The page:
Yamaha Brand Loyalty & Kenny Roberts

Bikes People

The seventies racing champ might not have had Barry Sheene's glamour, but he created a love of Yamaha anyhow...

Brand loyalty is a curious thing. And with Yamaha, there are a few twists in the tale.

I was obsessed with Barry Sheene as a kid – many of us of a certain vintage were. But the evil genius to our Barry’s chirpy rascal patter was Kenny Roberts on his yellow and black Yamaha. And somehow because of that, he and the brand Yamaha built around him, focusses a strange kind of power on the imagination.

And though Barry was legend in the terraced houses of England – his rather bland looking winning Suzuki wasn’t. The Yamaha, on the other hand. Well, you know the score.


Kenny Roberts’s Championship winning Yamaha 500 racers to this day hold their chops in the looks stakes. Not only did an entire generation of dreamers do up their Fizzies to look like them, the currently flying Yamaha Yard-built programme is tapping directly into the resonance of this amazing looking machine.


There can be no other production bike out there that owes so much to a single racing machine. The Fizzie riders in our old manor were of a certain breed, a certain aesthetic. Usually Heavy Metal-ish in their musical tastes, often spotty and ungentlemanly. I don’t want to say hooligans. But yes. Most of them were the type of kid who would smash up the bus shelters in which they performed when the rain beat down.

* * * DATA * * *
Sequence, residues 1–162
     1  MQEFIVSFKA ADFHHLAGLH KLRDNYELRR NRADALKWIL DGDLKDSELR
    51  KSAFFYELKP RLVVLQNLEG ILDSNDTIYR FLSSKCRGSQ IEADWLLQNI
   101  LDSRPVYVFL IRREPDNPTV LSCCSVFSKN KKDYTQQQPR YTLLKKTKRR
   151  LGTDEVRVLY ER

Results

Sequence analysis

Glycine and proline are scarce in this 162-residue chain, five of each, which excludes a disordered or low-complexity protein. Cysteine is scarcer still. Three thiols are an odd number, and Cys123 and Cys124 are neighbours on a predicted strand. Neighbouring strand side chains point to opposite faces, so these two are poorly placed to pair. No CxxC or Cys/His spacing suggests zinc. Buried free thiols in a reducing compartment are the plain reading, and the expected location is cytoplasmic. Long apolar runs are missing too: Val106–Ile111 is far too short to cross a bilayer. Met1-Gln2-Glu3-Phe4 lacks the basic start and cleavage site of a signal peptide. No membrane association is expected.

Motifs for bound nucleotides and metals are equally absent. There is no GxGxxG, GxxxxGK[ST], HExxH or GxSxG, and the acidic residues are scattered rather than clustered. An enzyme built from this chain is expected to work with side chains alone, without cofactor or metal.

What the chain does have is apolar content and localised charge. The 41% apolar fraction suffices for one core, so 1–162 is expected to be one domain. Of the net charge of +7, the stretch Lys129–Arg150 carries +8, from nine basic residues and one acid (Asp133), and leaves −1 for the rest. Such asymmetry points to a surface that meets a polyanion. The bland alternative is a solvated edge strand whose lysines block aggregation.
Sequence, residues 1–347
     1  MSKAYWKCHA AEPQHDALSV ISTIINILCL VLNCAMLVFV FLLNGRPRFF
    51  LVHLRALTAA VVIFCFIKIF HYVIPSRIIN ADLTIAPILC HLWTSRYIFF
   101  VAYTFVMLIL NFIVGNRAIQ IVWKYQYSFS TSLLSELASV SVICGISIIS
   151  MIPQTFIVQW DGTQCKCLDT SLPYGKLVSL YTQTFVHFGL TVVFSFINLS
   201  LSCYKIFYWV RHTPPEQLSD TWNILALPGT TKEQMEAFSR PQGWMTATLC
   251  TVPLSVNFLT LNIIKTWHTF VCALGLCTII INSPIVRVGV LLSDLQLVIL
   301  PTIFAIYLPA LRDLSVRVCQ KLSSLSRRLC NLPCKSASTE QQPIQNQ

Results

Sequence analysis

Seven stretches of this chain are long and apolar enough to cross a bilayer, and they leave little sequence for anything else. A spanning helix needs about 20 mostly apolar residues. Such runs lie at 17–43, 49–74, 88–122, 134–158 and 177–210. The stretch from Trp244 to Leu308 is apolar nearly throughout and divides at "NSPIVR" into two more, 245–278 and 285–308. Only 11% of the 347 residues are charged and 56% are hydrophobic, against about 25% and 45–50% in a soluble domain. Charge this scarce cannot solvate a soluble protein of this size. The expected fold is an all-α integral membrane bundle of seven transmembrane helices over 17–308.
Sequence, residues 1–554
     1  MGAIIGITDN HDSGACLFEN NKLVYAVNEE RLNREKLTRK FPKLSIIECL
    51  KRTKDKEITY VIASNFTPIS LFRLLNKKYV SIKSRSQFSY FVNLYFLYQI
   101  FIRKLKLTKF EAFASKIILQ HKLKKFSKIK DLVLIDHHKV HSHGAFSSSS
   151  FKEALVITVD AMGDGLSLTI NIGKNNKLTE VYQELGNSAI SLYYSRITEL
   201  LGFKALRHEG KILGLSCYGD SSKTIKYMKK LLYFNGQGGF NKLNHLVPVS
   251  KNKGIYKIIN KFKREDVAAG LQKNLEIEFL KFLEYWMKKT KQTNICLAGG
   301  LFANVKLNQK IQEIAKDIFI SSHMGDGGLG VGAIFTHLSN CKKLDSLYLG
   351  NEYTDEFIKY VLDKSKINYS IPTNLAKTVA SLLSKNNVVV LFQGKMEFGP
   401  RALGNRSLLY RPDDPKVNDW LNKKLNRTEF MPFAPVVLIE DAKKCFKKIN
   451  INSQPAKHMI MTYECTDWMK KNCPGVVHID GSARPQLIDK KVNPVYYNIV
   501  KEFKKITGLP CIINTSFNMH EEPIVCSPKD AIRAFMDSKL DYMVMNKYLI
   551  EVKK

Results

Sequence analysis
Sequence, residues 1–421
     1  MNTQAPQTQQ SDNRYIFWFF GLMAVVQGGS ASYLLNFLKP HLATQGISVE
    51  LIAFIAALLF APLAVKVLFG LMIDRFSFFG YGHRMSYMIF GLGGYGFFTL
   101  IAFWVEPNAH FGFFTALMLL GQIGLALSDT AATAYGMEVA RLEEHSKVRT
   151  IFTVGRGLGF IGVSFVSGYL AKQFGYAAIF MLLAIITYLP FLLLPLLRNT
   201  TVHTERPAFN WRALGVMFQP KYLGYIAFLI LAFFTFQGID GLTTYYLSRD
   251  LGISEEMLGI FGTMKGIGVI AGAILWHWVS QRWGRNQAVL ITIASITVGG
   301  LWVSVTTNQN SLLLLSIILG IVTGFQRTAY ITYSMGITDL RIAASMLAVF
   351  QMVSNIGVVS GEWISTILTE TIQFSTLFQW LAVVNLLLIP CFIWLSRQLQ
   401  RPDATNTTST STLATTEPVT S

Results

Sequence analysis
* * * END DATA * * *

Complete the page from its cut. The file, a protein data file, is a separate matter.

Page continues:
Perhaps it was Roberts’ identity as an anti-hero that made the bike so attractive and desirable, along with the way he raced. Roberts’ riding style, pioneering in GP racing that rear wheel drift, was certainly groundbreaking. His dirt-track experience set the tone for the next couple of decades and was responsible for many a long, drawn out Fizzie skid in many a suburban car park.

And Roberts’ racing stats speak for themselves. In a 13-year professional racing career, he won two Grand National Championships and three 500 cc world championships, including 32 Grand Nationals and 24 Grand Prix road races. He also won the Daytona 200 three times and was a six-time winner of the Laguna Seca 200. He was also only the second AMA rider after Dick Mann to accomplish the Grand Slam of winning all five events of the Grand National Championship.

Roberts himself might not have had the glamour that Sheene was heir to –

but his bike and his race record certainly did.